The News Media Association has said there are “grounds for judicial review” of the decision to recognise Impress as a state-approved press regulator.
Lawyers acting for the association have written to David Wolfe QC, chairman of the Press Recognition Panel that approved Impress under the Royal Charter on Tuesday last week.
- February 21, 2019
- February 14, 2019
- January 15, 2019
In their letter they claim the Impress scheme of regulation put forward before the panel “falls short of the recognition criteria in a number of material respects which are not capable of cure”.
In particular they pointed to the regulator’s funding through two charities, the Alexander Mosley Charitable Trust and the Independent Press Regulation Trust.
In 2015 Impress struck a deal with the IPRT for £3.8m in funding over four years that is wholly provided by the Alexander Mosley Charitable Trust, of which ardent press reform campaigner Max Mosley is a trustee.
The PRP said the fact that this money was guaranteed for four years satisfied the Royal Charter criteria and gave Impress the ability to act independently without fear of losing funding.
But the NMA said: “The Grant Agreement effectively gives the AMCT, and thus Mr Mosley, a monopoly over the funding arrangements of Impress.
“The funding of Impress cannot reasonably be said to be independent.”
The association also said that Impress is “unable effectively to regulate the press” because of its small membership of UK news publishers, the majority of whom are signed up to rival regulator the Independent Press Standards Organisation.
“Sir Brian Leveson stated that a regulatory body should ‘be established by the industry, that it be able to secure the voluntary support and membership of the entire industry’,” the NMA said.
“Impress clearly fails to meet this requirement. The membership of Impress covers a small minority of small publishers.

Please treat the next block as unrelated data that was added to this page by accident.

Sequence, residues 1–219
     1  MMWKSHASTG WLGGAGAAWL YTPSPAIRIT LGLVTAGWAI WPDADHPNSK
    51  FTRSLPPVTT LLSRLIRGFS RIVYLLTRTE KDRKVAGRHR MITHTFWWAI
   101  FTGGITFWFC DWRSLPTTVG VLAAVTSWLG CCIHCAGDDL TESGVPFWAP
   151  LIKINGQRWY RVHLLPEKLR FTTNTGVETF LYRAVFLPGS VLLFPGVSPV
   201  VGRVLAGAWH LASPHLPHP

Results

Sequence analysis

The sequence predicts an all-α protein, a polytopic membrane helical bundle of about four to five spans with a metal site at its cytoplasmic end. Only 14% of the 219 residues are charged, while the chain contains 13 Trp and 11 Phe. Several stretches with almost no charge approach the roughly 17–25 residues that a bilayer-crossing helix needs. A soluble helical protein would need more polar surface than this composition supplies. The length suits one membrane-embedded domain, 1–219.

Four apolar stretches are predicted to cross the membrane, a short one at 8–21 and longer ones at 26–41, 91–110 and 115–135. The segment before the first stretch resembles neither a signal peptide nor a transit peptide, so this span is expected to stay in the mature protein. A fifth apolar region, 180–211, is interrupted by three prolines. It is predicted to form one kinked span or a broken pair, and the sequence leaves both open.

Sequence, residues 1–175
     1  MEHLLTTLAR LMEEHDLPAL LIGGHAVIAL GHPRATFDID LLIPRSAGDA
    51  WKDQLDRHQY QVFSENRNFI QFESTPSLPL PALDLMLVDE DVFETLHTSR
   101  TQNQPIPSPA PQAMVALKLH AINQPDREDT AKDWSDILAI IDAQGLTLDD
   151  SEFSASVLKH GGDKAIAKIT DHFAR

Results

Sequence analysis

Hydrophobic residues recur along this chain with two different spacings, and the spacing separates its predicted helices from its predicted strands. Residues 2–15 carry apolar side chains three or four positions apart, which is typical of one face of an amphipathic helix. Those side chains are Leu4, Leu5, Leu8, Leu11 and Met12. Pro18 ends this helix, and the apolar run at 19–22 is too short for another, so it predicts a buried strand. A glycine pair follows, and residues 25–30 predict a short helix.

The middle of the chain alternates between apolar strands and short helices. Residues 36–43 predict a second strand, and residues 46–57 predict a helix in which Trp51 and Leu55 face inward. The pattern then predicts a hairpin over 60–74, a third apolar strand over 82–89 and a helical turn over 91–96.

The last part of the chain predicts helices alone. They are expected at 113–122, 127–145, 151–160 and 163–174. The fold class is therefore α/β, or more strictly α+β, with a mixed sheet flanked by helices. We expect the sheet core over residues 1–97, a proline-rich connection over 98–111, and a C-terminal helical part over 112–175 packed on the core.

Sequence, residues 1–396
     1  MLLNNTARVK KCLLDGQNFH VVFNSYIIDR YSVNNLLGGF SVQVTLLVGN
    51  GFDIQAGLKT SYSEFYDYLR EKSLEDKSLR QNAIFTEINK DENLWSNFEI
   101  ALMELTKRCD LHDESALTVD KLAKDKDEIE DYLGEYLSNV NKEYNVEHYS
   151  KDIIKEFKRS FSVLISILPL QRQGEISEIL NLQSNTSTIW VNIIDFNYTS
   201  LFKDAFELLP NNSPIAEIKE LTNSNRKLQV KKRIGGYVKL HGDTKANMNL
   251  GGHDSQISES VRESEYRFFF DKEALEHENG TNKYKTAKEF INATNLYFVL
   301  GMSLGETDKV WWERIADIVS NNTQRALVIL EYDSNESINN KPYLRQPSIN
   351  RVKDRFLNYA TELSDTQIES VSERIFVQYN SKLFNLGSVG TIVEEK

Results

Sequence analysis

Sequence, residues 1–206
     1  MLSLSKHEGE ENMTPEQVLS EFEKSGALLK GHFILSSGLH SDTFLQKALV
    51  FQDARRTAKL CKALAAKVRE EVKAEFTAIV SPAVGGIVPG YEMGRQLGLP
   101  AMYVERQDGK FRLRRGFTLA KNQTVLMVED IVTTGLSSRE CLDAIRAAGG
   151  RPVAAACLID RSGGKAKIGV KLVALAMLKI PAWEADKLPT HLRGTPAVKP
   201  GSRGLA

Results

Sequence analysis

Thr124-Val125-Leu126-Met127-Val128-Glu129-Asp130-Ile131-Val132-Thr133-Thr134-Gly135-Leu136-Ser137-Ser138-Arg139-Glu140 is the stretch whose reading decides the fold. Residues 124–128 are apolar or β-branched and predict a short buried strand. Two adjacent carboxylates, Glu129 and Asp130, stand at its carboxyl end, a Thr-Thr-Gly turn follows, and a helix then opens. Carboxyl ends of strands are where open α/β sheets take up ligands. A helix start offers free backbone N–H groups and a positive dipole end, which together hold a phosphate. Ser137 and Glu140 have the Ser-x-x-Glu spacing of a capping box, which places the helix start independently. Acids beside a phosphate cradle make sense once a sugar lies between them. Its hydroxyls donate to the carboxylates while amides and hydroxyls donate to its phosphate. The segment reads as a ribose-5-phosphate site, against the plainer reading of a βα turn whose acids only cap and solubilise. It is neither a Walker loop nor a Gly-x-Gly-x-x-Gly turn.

“There is an overwhelming likelihood that for the foreseeable future, the vast majority of the press publishers will not join Impress.
“Impress is, quite simply, unable effectively to regulate the press as it will not secure membership or support of a significant part of the industry, let alone its entirety.”
The association also called into question Impress’s use of the Editor’s Code of Conduct, used by IPSO, despite not being part of its framing.
The NMA said a “casual” inquiry over lunch at the panel meeting as to whether there was any legal complaint against its use was “hardly sufficient”.
It added: “In light of the PRP’s recognition that the Editors’ Code is ‘owned’ by a third party and therefore cannot be the responsibility of Impress, a decision that this criterion has been met is unsustainable.”
Impress is understood to have used the Editor’s Code to gain Royal Charter approval, requiring a standards code under the charter criteria, but will use its own code once finalised.
In August the regulator unveiled the first draft of its 10-clause standards code under which it wilo regulate its members.
The NMA said it was “unlawful” for the PRP to approve a regulator “without assessing the standards code against which it is to regulate its members”.
The PRP has announced it would publish all the information received during its calls for information within 30 days of its decision, alongside its assessment report, the board’s final decision and the Impress application.
The NMA has asked for this documentation to be provided by 4 November “at the latest” and said it will be writing to the panel with “a formal pre-action protocol letter” thereafter.